• Once the system determines that the processing unit is configured to display projected UI information, the system may then initiate a challenge sequence where the user inputs into the system a challenge code that appears on the screen of the processing unit. In some implementations, the system may wirelessly transmit the challenge data to the processing unit for display and request the user to enter the displayed challenge data into the system. In some implementations, the processing unit may display the challenge data and wirelessly transmit the same challenge data to the system. The system may then request the user to enter the challenge data. Once the system verifies that the challenge data matches, the system may then add the processing unit to the list of trusted processing units and the system can begin transmitting projected UI information to the processing unit.
  • FIG. 4 shows an example of a computing device 400 and a mobile computing device 450 that can be used to implement the techniques described here. The computing device 400 is intended to represent various forms of digital computers, such as laptops, desktops, workstations, personal digital assistants, servers, blade servers, mainframes, and other appropriate computers. The mobile computing device 450 is intended to represent various forms of mobile devices, such as personal digital assistants, cellular telephones, smart-phones, and other similar computing devices. The components shown here, their connections and relationships, and their functions, are meant to be examples only, and are not meant to be limiting.
  • The computing device 400 includes a processor 402, a memory 404, a storage device 406, a high-speed interface 408 connecting to the memory 404 and multiple high-speed expansion ports 410, and a low-speed interface 412 connecting to a low-speed expansion port 414 and the storage device 406. Each of the processor 402, the memory 404, the storage device 406, the high-speed interface 408, the high-speed expansion ports 410, and the low-speed interface 412, are interconnected using various busses, and may be mounted on a common motherboard or in other manners as appropriate. The processor 402 can process instructions for execution within the computing device 400, including instructions stored in the memory 404 or on the storage device 406 to display graphical information for a GUI on an external input/output device, such as a display 416 coupled to the high-speed interface 408. In other implementations, multiple processors and/or multiple buses may be used, as appropriate, along with multiple memories and types of memory. Also, multiple computing devices may be connected, with each device providing portions of the necessary operations (e.g., as a server bank, a group of blade servers, or a multi-processor system).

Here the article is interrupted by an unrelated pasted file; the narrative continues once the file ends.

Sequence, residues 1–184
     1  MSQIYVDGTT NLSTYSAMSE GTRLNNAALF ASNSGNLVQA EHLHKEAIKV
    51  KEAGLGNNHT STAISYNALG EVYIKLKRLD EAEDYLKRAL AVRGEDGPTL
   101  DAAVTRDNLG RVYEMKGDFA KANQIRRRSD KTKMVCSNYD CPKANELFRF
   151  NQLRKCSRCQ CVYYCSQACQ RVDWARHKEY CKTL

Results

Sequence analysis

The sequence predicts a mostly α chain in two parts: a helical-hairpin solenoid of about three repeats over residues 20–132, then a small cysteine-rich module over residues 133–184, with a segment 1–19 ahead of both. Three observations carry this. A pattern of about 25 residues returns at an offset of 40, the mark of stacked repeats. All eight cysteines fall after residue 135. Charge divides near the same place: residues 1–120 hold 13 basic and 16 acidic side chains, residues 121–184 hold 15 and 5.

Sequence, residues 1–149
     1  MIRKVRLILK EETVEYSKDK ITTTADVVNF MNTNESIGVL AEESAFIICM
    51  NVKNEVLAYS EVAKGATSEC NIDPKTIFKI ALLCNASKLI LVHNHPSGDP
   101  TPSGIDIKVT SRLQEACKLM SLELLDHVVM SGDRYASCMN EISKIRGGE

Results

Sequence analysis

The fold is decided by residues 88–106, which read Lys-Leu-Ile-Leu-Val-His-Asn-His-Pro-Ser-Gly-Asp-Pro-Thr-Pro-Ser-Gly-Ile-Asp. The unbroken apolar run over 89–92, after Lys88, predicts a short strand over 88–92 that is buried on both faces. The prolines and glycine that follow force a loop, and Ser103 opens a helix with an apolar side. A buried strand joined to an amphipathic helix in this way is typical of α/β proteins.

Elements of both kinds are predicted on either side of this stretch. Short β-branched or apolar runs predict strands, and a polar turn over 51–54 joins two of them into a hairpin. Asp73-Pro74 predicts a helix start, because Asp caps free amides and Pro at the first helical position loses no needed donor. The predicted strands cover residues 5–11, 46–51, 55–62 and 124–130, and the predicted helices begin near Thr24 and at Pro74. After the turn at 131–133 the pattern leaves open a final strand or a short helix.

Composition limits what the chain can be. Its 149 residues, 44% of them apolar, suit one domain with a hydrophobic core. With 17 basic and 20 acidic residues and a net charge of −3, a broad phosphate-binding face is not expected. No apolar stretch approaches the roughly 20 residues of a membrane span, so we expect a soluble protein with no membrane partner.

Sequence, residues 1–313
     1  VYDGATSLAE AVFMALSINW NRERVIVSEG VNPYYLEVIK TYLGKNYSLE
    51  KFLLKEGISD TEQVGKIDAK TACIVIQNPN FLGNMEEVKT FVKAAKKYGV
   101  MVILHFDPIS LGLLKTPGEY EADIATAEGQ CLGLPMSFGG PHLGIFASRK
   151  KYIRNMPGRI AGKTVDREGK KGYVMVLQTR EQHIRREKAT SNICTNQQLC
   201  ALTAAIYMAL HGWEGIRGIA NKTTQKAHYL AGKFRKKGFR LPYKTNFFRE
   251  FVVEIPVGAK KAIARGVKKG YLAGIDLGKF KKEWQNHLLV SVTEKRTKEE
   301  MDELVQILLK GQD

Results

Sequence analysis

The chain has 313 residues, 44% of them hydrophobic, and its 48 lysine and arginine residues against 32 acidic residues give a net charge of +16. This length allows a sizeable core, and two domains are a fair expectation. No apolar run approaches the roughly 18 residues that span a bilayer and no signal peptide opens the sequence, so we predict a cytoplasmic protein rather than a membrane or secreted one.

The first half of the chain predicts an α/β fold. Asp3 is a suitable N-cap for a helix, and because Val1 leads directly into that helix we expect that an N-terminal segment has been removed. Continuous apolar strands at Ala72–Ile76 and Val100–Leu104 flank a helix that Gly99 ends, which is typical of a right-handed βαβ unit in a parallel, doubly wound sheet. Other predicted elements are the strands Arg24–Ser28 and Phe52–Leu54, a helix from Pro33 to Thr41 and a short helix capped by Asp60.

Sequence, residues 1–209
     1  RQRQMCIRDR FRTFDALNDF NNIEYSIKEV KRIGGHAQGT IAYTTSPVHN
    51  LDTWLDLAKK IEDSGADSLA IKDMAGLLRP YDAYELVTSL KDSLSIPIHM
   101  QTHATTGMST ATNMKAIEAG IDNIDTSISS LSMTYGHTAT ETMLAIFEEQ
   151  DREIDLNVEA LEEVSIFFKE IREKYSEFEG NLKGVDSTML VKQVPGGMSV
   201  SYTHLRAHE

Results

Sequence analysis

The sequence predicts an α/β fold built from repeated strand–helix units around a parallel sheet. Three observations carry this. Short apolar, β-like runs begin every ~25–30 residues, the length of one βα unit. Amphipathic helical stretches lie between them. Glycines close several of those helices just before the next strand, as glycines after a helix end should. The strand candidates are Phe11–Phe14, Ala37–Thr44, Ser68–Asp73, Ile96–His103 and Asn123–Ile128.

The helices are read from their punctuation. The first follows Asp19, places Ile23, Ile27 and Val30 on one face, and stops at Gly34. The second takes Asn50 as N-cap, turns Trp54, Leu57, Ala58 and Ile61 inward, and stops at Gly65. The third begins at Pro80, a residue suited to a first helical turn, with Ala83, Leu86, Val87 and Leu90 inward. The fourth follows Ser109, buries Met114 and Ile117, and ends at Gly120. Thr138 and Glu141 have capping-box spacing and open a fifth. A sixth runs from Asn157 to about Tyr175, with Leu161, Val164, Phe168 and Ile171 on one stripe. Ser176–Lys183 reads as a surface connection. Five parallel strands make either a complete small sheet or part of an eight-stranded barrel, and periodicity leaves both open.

• The memory 404 stores information within the computing device 400. In some implementations, the memory 404 is a volatile memory unit or units. In some implementations, the memory 404 is a non-volatile memory unit or units. The memory 404 may also be another form of computer-readable medium, such as a magnetic or optical disk.
  • The storage device 406 is capable of providing mass storage for the computing device 400. In some implementations, the storage device 406 may be or contain a computer-readable medium, such as a floppy disk device, a hard disk device, an optical disk device, or a tape device, a flash memory or other similar solid state memory device, or an array of devices, including devices in a storage area network or other configurations. Instructions can be stored in an information carrier. The instructions, when executed by one or more processing devices (for example, processor 402), perform one or more methods, such as those described above. The instructions can also be stored by one or more storage devices such as computer- or machine-readable mediums (for example, the memory 404, the storage device 406, or memory on the processor 402).